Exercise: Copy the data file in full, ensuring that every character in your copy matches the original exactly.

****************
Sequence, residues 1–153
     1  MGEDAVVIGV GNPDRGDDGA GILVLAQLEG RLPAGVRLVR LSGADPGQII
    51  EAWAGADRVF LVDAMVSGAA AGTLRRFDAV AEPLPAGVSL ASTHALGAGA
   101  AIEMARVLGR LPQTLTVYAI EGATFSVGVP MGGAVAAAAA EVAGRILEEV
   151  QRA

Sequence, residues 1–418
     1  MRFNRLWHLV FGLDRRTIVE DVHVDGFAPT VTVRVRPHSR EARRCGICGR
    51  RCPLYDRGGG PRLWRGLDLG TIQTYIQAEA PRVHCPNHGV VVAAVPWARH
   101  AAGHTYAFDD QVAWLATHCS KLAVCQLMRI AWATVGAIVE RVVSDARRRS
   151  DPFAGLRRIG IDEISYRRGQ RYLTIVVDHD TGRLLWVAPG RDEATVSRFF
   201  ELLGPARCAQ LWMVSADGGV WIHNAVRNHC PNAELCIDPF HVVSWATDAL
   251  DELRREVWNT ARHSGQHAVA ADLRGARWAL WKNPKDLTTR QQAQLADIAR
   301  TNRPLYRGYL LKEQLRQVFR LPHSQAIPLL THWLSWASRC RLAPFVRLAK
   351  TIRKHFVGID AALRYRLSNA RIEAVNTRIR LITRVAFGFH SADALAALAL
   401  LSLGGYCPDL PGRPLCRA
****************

Sequence, residues 1–153
     1  MGEDAVVIGV GNPDRGDDGA GILVLAQLEG RLPAGVRLVR LSGADPGQII
    51  EAWAGADRVF LVDAMVSGAA AGTLRRFDAV AEPLPAGVSL ASTHALGAGA
   101  AIEMARVLGR LPQTLTVYAI EGATFSVGVP MGGAVAAAAA EVAGRILEEV
   151  QRA

Sequence, residues 1–418
     1  MRFNRLWHLV FGLDRRTIVE DVHVDGFAPT VTVRVRPHSR EARRCGICGR
    51  RCPLYDRGGG PRLWRGLDLG TIQTYIQAEA PRVHCPNHGV VVAAVPWARH
   101  AAGHTYAFDD QVAWLATHCS KLAVCQLMRI AWATVGAIVE RVVSDARRRS
   151  DPFAGLRRIG IDEISYRRGQ RYLTIVVDHD TGRLLWVAPG RDEATVSRFF
   201  ELLGPARCAQ LWMVSADGGV WIHNAVRNHC PNAELCIDPF HVVSWATDAL
   251  DELRREVWNT ARHSGQHAVA ADLRGARWAL WKNPKDLTTR QQAQLADIAR
   301  TNRPLYRGYL LKEQLRQVFR LPHSQAIPLL THWLSWASRC RLAPFVRLAK
   351  TIRKHFVGID AALRYRLSNA RIEAVNTRIR LITRVAFGFH SADALAALAL
   401  LSLGGYCPDL PGRPLCRA